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People living with Alzheimer’s encourage earlier conversations about disease’s warning signs

Alzheimer’s Association West Virginia Chapter shares tips to help with discussion

CHARLESTON, W.Va. – June is Alzheimer’s & Brain Awareness Month, and the Alzheimer’s Association together with advocates in the early stages of the disease are encouraging families to talk about memory and cognition concerns sooner. Early diagnosis offers many benefits, including access to more effective medical and lifestyle interventions and the ability for the person with Alzheimer’s to take an active role in planning with family members for the future.Alzheimer's Association

To help people understand early symptoms of Alzheimer’s or behaviors that merit discussion, theAlzheimer’s Association offers 10 Warning Signs. Should these signs appear, it is important to talk about them with person experiencing symptoms and encourage them to speak with a medical professional.

“Approaching a family member or loved one about their forgetfulness, confusion or other signs associated with Alzheimer’s or dementia can be difficult, but in order to help our loved one in the long-run, we have to get past our own fears and denial,” said Sharon M. Rotenberry, Executive Director for the Alzheimer’sAssociation. “The sooner a person receives a diagnosis, the sooner that person and their family can begin understanding the disease, obtaining support and planning for the best possible future.”

New findings from an Alzheimer’s Association survey found a majority of Americans would be concernedabout offending a family member (76 percent), or ruining their relationship (69 percent), if they were to approach that person about observed signs of Alzheimer’s. More alarming, 38 percent said they would wait until a family member’s Alzheimer’s symptoms worsened before approaching them with concerns. Additionally, nearly 1 in 3 Americans (29 percent) would not say anything to a family member despite their concerns.

Alzheimer’s is a brain disease that causes a slow decline in memory, thinking and reasoning skills. If you notice any of the 10 Warning Signs of Alzheimer’s in yourself, a family member or a friend, it’s important not to ignore them. Schedule an appointment to speak with a doctor. Though the experience can be daunting, early detection can help you make informed decisions about the future and focus on living in a way that’s meaningful to you. Following are steps you can take following an Alzheimer’s diagnosis to move forward and live your best life.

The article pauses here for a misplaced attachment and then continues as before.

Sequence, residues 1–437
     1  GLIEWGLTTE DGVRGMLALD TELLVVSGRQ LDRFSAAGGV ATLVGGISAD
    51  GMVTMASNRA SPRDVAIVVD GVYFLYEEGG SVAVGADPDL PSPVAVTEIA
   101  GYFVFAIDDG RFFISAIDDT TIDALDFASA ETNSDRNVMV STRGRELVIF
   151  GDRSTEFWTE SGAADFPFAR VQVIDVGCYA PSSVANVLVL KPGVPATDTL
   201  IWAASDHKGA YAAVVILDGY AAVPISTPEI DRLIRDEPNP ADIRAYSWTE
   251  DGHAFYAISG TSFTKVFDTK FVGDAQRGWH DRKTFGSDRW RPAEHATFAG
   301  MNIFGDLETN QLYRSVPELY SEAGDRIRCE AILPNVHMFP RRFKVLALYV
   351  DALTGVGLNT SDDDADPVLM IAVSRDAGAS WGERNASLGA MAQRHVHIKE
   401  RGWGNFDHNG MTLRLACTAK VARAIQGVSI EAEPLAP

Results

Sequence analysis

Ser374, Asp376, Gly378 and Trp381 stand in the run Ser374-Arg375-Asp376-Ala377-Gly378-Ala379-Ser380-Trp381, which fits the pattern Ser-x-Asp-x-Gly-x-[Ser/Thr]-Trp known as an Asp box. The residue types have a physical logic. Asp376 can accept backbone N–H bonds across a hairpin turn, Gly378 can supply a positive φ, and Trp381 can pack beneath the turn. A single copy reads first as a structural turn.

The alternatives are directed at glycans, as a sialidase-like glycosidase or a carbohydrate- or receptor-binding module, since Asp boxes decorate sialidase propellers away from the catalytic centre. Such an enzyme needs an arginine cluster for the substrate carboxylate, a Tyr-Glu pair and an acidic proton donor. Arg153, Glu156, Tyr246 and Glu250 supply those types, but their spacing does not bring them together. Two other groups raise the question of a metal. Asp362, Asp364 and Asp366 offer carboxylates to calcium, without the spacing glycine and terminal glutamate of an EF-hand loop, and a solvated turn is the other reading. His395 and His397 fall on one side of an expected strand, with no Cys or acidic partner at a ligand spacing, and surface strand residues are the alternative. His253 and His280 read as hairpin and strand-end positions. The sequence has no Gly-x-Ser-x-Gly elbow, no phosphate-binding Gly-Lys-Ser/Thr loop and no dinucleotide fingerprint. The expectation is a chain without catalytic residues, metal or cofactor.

1. Get educated: It’s normal to be hesitant or resistant to learning how the disease will progress and affect your life. However, learning about your Alzheimer’s diagnosis is the first step in empowering yourself to make important decisions about how you want to live your life and how you will plan for a future. Learn at your own pace and remember that you are not alone. There are people who understand what you are going through, and help is available.

2. Take time to process: There’s no “right” way to respond to an Alzheimer’s diagnosis. Some people experience depression and may want to withdraw. Others are comforted by knowing what’s wrong and feeling empowered to prioritize what’s most important in life. There’s also no limit on the length of time someone is “allowed” to grieve. Take time to fully process the diagnosis.

3. Explore medications: Currently, there is no cure for Alzheimer’s, nor are there any treatments to prevent, reverse or slow the progression of the disease. However, there are medications that may help lessen the symptoms of Alzheimer’s, such as memory loss and confusion, for a limited time. An early Alzheimer’s diagnosis provides you with a better chance of benefiting from treatment.

4. Communicate your wish: Do you know who you would want to make decisions for you in the event you’re no longer able to? An early Alzheimer’s diagnosis means you can put your long-term care wishes in writing. Being open with your family and support network about what you want during each stage of the disease can give you peace of mind, reduce the burden on family members and prevent disagreements.

5. Plan your financial future: An Alzheimer’s diagnosis can throw a wrench into your best-laid plans. Don’t put off talking about finances and future care. Take time to make sure your will and estate plans are up-to-date and factor the disease into your financial plans. Putting financial and legal plans in place now allows you to be as involved in these decisions as you’d like to be.